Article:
The United States, which supported Japan’s discharge of Fukushima contaminated water, actually blocked similar discharge within its own country. The reason was that it could harm the health of the American people.
This is a report from New York correspondent Beomju Kim.
This is a nuclear power plant in New York, USA that was in operation for 60 years and closed two years ago and began dismantling.
There has been recent controversy over how to dispose of the 5,000 tons of radioactive wastewater generated when cooling spent fuel rods during the dismantling process.
That building behind me is the nuclear power plant.
The company in charge of decommissioning announced메이저놀이터 that it would discharge contaminated water from that power plant into the Hudson River.
The contaminated water then flows into the sea via New York City, 40km to the south.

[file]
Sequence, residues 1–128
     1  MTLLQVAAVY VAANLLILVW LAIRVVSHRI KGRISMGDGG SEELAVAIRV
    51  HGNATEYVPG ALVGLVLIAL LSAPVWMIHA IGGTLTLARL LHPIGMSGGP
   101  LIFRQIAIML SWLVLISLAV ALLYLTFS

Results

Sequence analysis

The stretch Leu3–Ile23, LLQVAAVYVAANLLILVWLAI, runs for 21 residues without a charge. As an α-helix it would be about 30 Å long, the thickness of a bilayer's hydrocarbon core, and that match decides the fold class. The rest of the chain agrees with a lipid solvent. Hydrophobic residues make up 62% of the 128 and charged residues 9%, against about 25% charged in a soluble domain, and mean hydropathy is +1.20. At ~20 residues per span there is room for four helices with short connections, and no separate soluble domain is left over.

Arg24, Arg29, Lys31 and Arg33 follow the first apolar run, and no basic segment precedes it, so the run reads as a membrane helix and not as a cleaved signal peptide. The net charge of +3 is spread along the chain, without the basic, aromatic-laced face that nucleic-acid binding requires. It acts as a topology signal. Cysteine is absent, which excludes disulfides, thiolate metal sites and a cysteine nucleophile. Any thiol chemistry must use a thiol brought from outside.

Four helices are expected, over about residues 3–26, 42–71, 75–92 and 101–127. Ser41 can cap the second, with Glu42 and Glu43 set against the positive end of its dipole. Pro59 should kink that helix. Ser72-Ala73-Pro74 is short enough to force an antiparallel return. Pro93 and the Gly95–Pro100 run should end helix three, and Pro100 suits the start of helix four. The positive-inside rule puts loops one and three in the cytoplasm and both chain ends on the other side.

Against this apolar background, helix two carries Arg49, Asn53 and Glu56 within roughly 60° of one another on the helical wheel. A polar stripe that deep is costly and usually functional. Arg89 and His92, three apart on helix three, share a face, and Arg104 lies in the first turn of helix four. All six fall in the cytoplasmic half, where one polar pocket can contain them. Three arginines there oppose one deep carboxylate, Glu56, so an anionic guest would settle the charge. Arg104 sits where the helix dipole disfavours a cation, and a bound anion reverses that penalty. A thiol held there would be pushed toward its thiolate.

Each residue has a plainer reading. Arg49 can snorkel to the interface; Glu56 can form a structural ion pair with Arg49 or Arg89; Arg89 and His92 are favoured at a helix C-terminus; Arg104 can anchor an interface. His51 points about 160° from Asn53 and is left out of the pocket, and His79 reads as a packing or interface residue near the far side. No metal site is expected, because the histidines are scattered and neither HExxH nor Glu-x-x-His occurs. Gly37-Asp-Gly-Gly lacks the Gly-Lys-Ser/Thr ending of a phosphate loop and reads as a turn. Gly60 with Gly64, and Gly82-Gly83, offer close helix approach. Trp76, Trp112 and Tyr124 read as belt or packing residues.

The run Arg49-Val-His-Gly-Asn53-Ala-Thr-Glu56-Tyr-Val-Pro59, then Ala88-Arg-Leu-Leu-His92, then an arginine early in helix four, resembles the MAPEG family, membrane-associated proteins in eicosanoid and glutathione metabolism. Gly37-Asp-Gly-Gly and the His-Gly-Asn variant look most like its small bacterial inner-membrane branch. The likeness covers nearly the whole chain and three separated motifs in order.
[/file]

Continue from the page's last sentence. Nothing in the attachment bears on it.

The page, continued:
The company claimed there was no problem because the wastewater was scientifically reprocessed.
[Rich Brony/Demolition Company Representative: We act based on science and facts. It will only emit radionuclides less than 1% of the government standard.]
However, communities bordering the river strongly opposed it.
In particular, they argued that the wastewater should be left in storage, saying that tritium contained in contaminated water can cause cancer in women and children.
[Richard Becker/Doctor, Regional Supervisor: No one knows what impact dumping wastewater into the river will have in the short or long term. Not today, but there will be a better way to handle it in the future.]
The result was a victory for the residents.
The state legislature unanimously passed a law prohibiting discharge, and the governor subsequently signed the law, saying, “We must protect the river for future generations.”
It is evaluated as an example of America’s double standards, saying that Fukushima across the sea is okay, but next to New York is not.